L: Oh, love the Gretel analogySmile emoticon! I think every character should have secrets. I have a horror of TMI or backstory dumping so like to keep things trim. I excel at TMI, actually, so always have to be on guard. I thought that Silas - and readers - would benefit more from a diet of breadcrumbs than a hefty steak. Though I longed to give them steak! My editors have kept me to a strict 110k word count on this series so Silas has had to go on rations along with the author! Prior to turning this book into my editors, the story was quite sprawling. I always want to cry when I cut scenes or reduce things to the barest essence. So much richness and detail is stripped out of the story. But you've given me hope that just a few breadcrumbs might well work!

R:The Ballantyne Legacy is going to be a series (HURRAH!) and we are going to find out more about Silas and his family (DOUBLE HURRAH). Did you start by outlining all of the books in the proposed series to have a bit of a roadmap on where to go? Do you have an omniscient perspective on what will happen when, or do your characters still take you by surprise? Can you speak to your writing process ---especially since your previous novels, have been stand-alone stories.

L: I've always been one of those writers who just sits down with a pen and paper (yes, I still write all my novels in longhand first) and work with only the barest story premise. But with The Ballantyne Legacy, my publisher wanted a detailed synopsis for each of the 4 books in the series. This took me about 3 months to think up! I've never thought a story through from beginning to end and am not sure I like that - though my pub does. Strangely enough, a story and its characters have a life all its own and sometimes you just pitch said synopsis out the window. For example, David Greathouse was never in the synopsis but strode on stage in chapter 2 and just about took over. I was a bit shocked and didn't quite know what to do with him though I knew he meant trouble! I will say that writing a series is far more difficult than writing standalones. Aging and maturing characters is a challenge and the tone of each novel changes. I'm on Ballantyne book 3 now and it's an entirely different animal. Silas is by now 90 and Eden is nearly that. Try spanning that many years! Do you give them gout or let them age gracefully? Do you magnify their foibles or keep them quiet? Things become complicated, to say the least. I may go back to writing standalones!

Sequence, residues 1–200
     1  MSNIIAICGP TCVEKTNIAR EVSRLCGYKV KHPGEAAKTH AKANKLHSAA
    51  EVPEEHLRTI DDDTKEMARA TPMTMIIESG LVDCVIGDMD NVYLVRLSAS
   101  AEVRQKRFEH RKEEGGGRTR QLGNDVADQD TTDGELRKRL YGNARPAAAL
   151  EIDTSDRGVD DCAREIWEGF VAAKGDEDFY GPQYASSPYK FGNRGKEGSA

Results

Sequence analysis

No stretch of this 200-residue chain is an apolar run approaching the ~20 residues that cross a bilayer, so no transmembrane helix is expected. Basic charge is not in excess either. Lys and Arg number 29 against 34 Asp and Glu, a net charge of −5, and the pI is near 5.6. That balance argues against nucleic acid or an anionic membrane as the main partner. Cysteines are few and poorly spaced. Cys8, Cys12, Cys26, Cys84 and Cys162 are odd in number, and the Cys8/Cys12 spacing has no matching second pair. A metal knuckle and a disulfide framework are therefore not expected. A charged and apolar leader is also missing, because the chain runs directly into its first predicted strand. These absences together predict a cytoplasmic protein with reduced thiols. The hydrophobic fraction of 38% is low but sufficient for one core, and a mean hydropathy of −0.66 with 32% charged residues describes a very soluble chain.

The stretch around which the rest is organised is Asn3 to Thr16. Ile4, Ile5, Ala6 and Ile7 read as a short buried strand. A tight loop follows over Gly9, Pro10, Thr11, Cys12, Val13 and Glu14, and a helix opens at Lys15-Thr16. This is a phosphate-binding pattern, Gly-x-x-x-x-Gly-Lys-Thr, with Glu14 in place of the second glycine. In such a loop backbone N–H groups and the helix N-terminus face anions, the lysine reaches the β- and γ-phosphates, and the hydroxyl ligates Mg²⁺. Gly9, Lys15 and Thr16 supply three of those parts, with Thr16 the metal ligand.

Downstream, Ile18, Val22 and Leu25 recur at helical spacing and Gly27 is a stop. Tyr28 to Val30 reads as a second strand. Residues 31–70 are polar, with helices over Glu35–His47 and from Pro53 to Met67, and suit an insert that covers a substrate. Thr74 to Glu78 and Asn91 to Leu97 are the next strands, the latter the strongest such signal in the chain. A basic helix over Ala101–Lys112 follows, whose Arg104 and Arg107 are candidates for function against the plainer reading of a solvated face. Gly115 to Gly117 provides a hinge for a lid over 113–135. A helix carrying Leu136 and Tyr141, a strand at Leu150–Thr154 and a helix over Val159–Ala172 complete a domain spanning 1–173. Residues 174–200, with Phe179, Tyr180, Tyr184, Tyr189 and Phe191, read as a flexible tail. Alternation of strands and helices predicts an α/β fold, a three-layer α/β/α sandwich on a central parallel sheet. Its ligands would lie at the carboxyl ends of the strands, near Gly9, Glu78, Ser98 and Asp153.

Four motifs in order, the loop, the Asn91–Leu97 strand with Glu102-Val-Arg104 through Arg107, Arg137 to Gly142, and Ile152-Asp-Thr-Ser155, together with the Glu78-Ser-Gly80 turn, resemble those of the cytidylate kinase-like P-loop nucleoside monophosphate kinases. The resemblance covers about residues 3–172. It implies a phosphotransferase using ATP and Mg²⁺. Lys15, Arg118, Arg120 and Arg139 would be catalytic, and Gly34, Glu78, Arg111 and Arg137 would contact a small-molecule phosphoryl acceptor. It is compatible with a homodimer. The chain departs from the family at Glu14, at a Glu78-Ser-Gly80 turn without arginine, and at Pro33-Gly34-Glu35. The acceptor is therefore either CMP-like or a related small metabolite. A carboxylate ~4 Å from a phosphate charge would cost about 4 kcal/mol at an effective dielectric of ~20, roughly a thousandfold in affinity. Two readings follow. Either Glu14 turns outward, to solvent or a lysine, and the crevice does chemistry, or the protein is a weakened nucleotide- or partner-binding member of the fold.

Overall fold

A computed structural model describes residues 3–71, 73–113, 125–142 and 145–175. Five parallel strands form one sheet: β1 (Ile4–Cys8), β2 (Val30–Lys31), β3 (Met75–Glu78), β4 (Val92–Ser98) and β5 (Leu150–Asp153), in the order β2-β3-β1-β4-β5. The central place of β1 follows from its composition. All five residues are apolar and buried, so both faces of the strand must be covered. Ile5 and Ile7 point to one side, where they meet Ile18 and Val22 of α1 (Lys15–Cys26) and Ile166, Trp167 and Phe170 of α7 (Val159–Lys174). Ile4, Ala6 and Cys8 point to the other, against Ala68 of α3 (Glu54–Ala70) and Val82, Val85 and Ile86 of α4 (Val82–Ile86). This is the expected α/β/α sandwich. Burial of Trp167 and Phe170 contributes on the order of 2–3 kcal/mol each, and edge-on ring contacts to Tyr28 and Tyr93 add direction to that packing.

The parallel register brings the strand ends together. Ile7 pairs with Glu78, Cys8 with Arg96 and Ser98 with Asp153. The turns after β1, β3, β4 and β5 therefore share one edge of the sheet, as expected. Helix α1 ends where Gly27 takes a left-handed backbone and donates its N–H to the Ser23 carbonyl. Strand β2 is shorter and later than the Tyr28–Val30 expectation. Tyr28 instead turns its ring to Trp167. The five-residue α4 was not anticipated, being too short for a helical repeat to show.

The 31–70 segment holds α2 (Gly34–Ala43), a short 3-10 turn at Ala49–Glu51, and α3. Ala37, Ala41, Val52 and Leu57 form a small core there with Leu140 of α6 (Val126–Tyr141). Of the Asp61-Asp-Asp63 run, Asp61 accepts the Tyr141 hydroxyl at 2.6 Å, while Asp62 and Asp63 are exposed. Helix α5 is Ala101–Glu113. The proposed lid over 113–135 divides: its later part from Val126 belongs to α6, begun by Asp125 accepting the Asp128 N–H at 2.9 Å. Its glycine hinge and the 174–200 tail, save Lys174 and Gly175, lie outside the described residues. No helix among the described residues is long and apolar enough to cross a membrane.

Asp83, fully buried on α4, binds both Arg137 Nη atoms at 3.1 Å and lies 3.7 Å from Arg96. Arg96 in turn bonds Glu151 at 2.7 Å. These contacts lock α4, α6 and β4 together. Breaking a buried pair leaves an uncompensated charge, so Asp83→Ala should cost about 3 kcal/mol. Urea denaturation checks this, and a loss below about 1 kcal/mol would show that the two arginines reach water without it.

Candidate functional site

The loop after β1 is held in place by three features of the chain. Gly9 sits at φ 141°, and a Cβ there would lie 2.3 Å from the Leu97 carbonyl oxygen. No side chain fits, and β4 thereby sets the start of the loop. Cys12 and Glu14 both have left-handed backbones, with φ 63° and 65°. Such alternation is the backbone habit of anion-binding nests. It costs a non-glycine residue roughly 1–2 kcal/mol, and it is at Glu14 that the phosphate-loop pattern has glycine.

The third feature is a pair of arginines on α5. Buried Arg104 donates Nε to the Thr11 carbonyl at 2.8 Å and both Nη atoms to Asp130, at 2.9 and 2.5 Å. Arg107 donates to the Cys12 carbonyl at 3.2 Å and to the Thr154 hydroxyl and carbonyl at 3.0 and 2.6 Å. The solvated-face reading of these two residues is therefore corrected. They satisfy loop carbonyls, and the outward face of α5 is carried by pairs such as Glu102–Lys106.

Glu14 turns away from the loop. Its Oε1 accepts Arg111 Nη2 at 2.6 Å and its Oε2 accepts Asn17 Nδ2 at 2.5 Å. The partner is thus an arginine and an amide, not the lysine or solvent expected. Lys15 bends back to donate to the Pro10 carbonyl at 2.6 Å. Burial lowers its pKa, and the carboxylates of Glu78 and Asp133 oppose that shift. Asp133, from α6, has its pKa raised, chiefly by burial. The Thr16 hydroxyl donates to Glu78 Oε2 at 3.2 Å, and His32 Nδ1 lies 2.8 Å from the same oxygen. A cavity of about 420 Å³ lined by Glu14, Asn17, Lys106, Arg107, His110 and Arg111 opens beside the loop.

Make sure you visit Laura Frantz at her website
My thanks to Graf-Martin Communications for providing me with a review copy on behalf of Revell Publishers


Kara said...

Fun interview! I too am a huge fan of Laura Frantz, so it was fun to read her thoughts. Thanks! :)

Laura Frantz said...

Rachel, Oh, a wonderful Friday surprise! You must have been up all night doing this;) I've said it before and I'll say it again - you ask THE BEST questions! Looks like I wrote a novel for each but alas...:)

I'm so thankful we've connected through our love of Montgomery, Christy, and more. And our dedication to quality books.

Waving at dear Kara! My day is made!

Michelle said...

I thoroughly enjoyed this interview, ladies! What a joy to get more insight from Laura -- you've definitely asked some awesome questions, Rachel! : )

Thanks so much, ladies. Have a blessed day!

Marissa said...

Great interview Rachel!!

Gabrielle Meyer said...

Oh - loved the questions and the answers! Laura, I've wondered the same about how you craft your stories and especially this four part series. I had no idea you write your stories in long hand first - I'm actually speechless. :)

Thank you, Rachel, for this glimps into Laura's world!

Laura Frantz said...

Oh, it's so fun on this sunny Friday to check back in and see dear Michelle and Marissa, too:) Love you both and your generous comments! Makes me want to "WRITE ON"!

Laura Frantz said...

Gabrielle, You always light up the screen:) Thanks so much for taking time to read this and for commenting. Every interview seems to be unique and insightful. I really never get tired of them. And it helps, of course, when people show up. Like you, my friend:)